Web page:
A Guide to Thai Food and Culture

Typical meal in Bangkok
Typical meal in Bangkok, Thailand. Enzo/AGE Fotostock/Getty Images

In Thailand, food forms a central part of any social occasion, and it often becomes the social occasion in itself or a reason to celebrate. This is partly due to the friendly, social nature of Thai people, but also because of the way in which food is ordered, served, and eaten. Family and friends unite and share through food.

The Key Flavors

A typical Thai meal includes five main flavors: salty, sweet, sour, bitter, and spicy. Indeed, most Thai dishes are not considered satisfying unless they combine all five. While the seasoning can be spicy for a foreign palate, Thai food ensures that a balance of all flavors is present.

When eating out, or making a meal at home, a group of Thai diners would eat a variety of meat and/or fish dishes, plus vegetables, a noodle dish, and possibly soup. Everything is shared, except the soup each person might order, or each person gets a personal bowl to get a serving of the soup. Dessert may consist simply of fresh fruit, such as pineapple or any of the thousands of tropical fruits that are common in the country (guava, durian, mangosteen, papayas, bananas, tamarind, or mangoes, amongst many). Or it could be something more elaborate, like colorful rice cakes, rice dumplings coated in coconut, grass jelly, or a bean dessert.

Thais eat slowly and enjoy the food, as a meal is also an opportunity for sharing with loved ones.

Influences in Thai Cuisine

The flavors found in modern-day Thailand come from ancient history. As early as the 13th century, the Thai people had established what might be considered the heart of Siamese cuisine as we know it today: various types of meat and seafood combined with rice, local vegetables, herbs, and pungent garlic and pepper. Later on, the Chinese brought noodles to Thailand, as well as the most important Thai cooking tool: the steel wok.

Thai cuisine is also heavily influenced by Indian spices and flavors, which is evident in its famous green, red, and yellow curries. Impossible to confuse with Indian curries, Thai curries incorporate many Indian spices in their pastes, maintaining their own unique flavors thanks to local ingredients, such as Thai holy basil, lemongrass, and galangal.

Other influences on Thai cooking come from neighboring countries, like Vietnam, Cambodia, Indonesia, Laos, Burma, and Malaysia. Such plentiful and vast influences combine to create the complex taste of present-day Thai cooking—one of the fastest-growing and most popular of world cuisines today.

Rice

Nothing occupies a more prominent place in Thai cuisine than rice. The most served dish in all meals, rice is treated with respect and never wasted. Thailand grows and serves many varieties of rice, and Jasmine is the most favored, but also the most expensive. Glutinous, or sticky rice is also fairly common, and white rice is abundant and less expensive than Jasmine rice while still being delicious. Cooks pay a lot of attention to the quality of the rice they buy and have many techniques for how to cook it, which temperature to use, how much water, how to steam it, and for how long. Rice can make or break a meal.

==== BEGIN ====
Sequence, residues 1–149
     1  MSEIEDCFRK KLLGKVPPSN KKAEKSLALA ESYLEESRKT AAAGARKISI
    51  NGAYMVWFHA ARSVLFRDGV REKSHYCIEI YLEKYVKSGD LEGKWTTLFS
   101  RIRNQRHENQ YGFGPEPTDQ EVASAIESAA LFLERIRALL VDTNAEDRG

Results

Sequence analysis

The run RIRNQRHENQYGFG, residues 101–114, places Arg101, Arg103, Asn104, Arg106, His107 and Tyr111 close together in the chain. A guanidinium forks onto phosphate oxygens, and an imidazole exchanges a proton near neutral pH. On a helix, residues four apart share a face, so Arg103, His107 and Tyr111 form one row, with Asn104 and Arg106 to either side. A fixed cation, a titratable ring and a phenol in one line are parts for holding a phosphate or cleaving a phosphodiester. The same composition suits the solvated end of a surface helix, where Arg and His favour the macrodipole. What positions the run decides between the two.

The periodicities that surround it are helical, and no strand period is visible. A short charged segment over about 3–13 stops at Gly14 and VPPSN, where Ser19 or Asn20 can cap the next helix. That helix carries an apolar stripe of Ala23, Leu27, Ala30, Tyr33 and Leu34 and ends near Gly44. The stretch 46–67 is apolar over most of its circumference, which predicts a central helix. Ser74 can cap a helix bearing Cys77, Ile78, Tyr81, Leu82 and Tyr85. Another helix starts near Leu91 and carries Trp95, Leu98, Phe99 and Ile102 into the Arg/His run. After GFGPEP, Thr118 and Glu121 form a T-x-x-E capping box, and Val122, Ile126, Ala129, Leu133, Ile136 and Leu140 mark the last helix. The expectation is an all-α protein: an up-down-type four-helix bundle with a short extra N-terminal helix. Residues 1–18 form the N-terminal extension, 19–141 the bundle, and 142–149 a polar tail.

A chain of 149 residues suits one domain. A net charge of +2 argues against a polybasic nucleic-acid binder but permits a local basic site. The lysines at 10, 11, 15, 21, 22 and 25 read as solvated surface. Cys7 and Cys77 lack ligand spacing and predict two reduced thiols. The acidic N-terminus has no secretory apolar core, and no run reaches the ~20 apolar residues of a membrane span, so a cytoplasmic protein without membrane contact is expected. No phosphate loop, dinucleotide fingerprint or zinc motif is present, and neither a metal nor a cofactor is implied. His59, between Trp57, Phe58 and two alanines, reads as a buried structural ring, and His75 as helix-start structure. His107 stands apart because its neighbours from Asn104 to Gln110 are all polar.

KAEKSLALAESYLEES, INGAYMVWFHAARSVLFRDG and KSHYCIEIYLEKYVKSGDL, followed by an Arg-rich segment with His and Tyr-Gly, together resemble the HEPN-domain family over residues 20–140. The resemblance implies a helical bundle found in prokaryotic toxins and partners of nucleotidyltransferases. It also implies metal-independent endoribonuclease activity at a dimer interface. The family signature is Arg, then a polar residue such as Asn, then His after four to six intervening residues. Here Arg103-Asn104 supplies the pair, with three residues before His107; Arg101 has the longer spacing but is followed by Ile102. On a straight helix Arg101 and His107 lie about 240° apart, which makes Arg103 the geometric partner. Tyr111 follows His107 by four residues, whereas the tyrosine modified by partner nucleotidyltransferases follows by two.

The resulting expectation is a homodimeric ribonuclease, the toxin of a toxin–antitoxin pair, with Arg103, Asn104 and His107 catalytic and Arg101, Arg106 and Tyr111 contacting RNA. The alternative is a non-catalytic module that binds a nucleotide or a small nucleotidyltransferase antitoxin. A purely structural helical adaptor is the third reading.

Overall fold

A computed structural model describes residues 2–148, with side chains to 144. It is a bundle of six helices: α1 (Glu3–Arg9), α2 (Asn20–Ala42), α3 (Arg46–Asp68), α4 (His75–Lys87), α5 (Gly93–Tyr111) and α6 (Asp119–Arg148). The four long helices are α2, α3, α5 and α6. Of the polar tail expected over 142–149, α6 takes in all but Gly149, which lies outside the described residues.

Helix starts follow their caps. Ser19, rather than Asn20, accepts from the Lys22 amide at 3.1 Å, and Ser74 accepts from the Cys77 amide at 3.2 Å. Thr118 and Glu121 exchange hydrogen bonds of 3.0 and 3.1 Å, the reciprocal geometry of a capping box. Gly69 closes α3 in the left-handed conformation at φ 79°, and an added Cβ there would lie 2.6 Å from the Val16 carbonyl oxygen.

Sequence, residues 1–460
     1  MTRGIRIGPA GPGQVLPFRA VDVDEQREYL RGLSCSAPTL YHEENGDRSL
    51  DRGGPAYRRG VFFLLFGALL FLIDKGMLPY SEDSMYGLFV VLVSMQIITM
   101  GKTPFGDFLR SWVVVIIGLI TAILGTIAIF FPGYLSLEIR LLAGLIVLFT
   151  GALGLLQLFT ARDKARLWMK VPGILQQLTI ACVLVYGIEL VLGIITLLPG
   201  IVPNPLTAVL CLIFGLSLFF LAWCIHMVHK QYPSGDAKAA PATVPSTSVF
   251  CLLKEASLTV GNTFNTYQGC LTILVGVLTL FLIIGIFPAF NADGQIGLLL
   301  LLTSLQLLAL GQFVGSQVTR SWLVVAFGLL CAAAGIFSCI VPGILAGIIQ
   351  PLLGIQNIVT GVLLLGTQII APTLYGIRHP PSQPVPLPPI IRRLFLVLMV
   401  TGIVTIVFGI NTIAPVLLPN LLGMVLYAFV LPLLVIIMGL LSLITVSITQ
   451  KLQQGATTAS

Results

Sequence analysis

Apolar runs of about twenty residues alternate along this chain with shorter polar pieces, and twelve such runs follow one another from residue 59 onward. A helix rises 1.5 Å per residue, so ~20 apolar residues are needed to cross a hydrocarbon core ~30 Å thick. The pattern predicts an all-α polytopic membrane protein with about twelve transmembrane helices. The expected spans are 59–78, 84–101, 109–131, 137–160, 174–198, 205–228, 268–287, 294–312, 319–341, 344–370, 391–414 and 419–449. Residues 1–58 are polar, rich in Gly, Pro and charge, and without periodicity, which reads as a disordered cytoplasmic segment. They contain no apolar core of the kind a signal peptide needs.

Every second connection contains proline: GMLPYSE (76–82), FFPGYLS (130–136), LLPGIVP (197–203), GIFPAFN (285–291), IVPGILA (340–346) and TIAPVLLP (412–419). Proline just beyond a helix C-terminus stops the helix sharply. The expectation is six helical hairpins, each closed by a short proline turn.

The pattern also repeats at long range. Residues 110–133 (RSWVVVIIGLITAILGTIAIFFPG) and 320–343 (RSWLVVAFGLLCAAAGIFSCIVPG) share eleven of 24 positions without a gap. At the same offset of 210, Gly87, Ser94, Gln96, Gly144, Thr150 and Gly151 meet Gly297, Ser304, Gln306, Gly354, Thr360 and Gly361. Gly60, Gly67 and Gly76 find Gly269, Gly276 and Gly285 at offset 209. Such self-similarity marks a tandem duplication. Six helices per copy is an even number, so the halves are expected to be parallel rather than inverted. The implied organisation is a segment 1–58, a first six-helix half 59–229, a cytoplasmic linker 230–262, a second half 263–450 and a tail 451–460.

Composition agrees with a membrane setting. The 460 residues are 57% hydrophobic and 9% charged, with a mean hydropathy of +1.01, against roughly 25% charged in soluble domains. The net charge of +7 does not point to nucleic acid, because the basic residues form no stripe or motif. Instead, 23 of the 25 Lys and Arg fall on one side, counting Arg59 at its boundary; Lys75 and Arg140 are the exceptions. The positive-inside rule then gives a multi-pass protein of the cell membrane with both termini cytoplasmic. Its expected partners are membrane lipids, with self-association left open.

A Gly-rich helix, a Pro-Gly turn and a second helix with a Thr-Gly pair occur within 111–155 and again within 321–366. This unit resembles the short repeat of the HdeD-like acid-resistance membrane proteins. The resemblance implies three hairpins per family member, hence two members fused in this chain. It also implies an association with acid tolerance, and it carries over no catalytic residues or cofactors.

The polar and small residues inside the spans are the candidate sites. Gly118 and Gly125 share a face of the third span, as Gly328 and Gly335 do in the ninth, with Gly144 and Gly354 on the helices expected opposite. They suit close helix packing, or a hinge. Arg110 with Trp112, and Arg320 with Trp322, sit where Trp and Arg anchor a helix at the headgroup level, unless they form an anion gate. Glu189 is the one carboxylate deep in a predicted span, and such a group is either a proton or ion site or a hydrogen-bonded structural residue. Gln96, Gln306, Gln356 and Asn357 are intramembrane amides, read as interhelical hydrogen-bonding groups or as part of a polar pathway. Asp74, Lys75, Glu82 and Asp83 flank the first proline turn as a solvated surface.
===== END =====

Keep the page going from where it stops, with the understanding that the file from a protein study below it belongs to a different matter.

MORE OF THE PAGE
Noodles are very common, but not as common as rice. Whereas rice is served to share, noodles dishes are often for individual consumption.

Presentation Is Important

The formal presentation of food is another important aspect of Thai culture. Attention to detail and how pretty it looks when served are relevant to the eating experience. Regardless of the beautiful flavors it provides, the dish has to look appealing, and this aspect honors the respect Thai culture has for its food and ingredients. Thai food presentation is among the most exquisite in the world; serving platters are decorated with all variety of flower-carved vegetables and fruits, palace-style stir-fries include elegantly carved vegetables within the dish itself. Chefs are trained in the art of carving because food needs an extra layer of attention beyond cooking and into the realm of the aesthetic.

Most dishes come in bite sizes, a clever way to get around the fact that Buddhism discourages cooking a whole animal. So fish, beef, pork, and chicken are sliced before cooking, alongside all of the other ingredients, also chopped and cubed.

Snacks Galore

Aside from meals, Thais are renowned “snackers”. It is easy to pick up a quick but delicious snack for mere pennies along the roadside or at marketplaces in Thailand. Popular snacks consist of spring rolls, chicken or beef satay, raw vegetables with spicy dip, soups, salads, and sweets.

Thai Cutlery and Eating Style

Although the Chinese brought chopsticks to Thailand long ago, most Thais prefer to use Western cutlery, though in their own special way. Thai cutlery generally consists of a fork and large spoon. The spoon is held in the right hand and used in place of a knife, and the fork helps to arrange the food on the spoon before bringing it to the mouth. As all ingredients in the dishes come already cut-up, there is no need for a knife.

When eating, Thais do not combine various foods on their plates, but rather, they sample one dish at a time, always eaten with a mound of Thai fragrant rice on an individual plate. Bowls are used mainly for soup, not in place of an eating plate, like in other Asian traditions.

After the meal is over, there is no such thing as disposing of the leftovers. Throwing food away enrages the Thai god of rice, a female deity who watches over the people, ensuring everyone has enough to eat. Bad luck or even widespread famine may then ensue if food is discarded.